# Generics

### Functions

1. 🌟🌟🌟
``````
// Fill in the blanks to make it work
struct A;          // Concrete type `A`.
struct S(A);       // Concrete type `S`.
struct SGen<T>(T); // Generic type `SGen`.

fn reg_fn(_s: S) {}

fn gen_spec_t(_s: SGen<A>) {}

fn gen_spec_i32(_s: SGen<i32>) {}

fn generic<T>(_s: SGen<T>) {}

fn main() {
// Using the non-generic functions
reg_fn(__);          // Concrete type.
gen_spec_t(__);   // Implicitly specified type parameter `A`.
gen_spec_i32(__); // Implicitly specified type parameter `i32`.

// Explicitly specified type parameter `char` to `generic()`.
generic::<char>(__);

// Implicitly specified type parameter `char` to `generic()`.
generic(__);

println!("Success!");
}
``````
1. 🌟🌟 A function call with explicitly specified type parameters looks like: `fun::<A, B, ...>()`.
``````
// Implement the generic function below.
fn sum

fn main() {
assert_eq!(5, sum(2i8, 3i8));
assert_eq!(50, sum(20, 30));
assert_eq!(2.46, sum(1.23, 1.23));

println!("Success!");
}
``````

### Struct and `impl`

1. 🌟
``````
// Implement struct Point to make it work.

fn main() {
let integer = Point { x: 5, y: 10 };
let float = Point { x: 1.0, y: 4.0 };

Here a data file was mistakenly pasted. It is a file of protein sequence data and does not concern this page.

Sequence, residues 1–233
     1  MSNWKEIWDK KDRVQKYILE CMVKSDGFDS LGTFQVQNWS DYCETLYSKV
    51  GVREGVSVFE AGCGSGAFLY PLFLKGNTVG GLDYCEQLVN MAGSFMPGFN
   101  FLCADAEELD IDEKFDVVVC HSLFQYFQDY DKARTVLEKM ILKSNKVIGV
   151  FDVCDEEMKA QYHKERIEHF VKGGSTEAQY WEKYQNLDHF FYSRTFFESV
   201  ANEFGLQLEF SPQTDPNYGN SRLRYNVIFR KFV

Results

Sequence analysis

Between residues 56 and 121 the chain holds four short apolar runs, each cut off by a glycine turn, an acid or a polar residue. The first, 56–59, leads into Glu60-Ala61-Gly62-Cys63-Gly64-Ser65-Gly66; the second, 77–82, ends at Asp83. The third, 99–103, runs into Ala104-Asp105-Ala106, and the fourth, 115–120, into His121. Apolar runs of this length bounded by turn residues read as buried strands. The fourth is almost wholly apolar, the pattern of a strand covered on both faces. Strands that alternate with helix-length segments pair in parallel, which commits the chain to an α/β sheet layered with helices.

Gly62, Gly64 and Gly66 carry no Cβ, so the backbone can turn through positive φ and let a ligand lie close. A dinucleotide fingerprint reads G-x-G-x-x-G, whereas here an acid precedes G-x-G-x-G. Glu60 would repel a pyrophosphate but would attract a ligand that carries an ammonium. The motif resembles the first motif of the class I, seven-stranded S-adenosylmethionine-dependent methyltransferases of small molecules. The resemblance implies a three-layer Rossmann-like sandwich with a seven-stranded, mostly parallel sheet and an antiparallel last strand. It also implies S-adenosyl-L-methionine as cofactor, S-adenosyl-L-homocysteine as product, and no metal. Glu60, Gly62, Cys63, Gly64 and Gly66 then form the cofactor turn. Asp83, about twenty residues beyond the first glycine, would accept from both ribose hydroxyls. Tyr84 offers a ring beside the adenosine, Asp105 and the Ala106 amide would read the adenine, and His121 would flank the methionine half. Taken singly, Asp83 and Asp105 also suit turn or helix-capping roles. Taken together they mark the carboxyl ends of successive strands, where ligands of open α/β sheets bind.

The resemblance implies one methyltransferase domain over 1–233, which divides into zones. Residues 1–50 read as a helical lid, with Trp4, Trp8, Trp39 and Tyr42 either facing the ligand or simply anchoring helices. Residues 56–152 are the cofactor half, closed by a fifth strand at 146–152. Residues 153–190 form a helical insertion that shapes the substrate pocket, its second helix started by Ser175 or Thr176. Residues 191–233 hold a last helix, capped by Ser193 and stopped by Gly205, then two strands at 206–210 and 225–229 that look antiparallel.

println!("Success!");
}
``````
1. 🌟🌟
``````
// Modify this struct to make the code work
struct Point<T> {
x: T,
y: T,
}

fn main() {
// DON'T modify this code.
let p = Point{x: 5, y : "hello".to_string()};

println!("Success!");
}
``````
1. 🌟🌟
``````
// Add generic for Val to make the code work, DON'T modify the code in `main`.
struct Val {
val: f64,
}

impl Val {
fn value(&self) -> &f64 {
&self.val
}
}

fn main() {
let x = Val{ val: 3.0 };
let y = Val{ val: "hello".to_string()};
println!("{}, {}", x.value(), y.value());
}
``````

### Method

1. 🌟🌟🌟
``````struct Point<T, U> {
x: T,
y: U,
}

impl<T, U> Point<T, U> {
// Implement mixup to make it work, DON'T modify other code.
fn mixup
}

fn main() {
let p1 = Point { x: 5, y: 10 };
let p2 = Point { x: "Hello", y: '中'};

let p3 = p1.mixup(p2);

assert_eq!(p3.x, 5);
assert_eq!(p3.y, '中');

println!("Success!");
}
``````
1. 🌟🌟
``````
// Fix the errors to make the code work.
struct Point<T> {
x: T,
y: T,
}

impl Point<f32> {
fn distance_from_origin(&self) -> f32 {
(self.x.powi(2) + self.y.powi(2)).sqrt()
}
}

fn main() {
let p = Point{x: 5, y: 10};
println!("{}",p.distance_from_origin());
}
``````

You can find the solutions here(under the solutions path), but only use it when you need it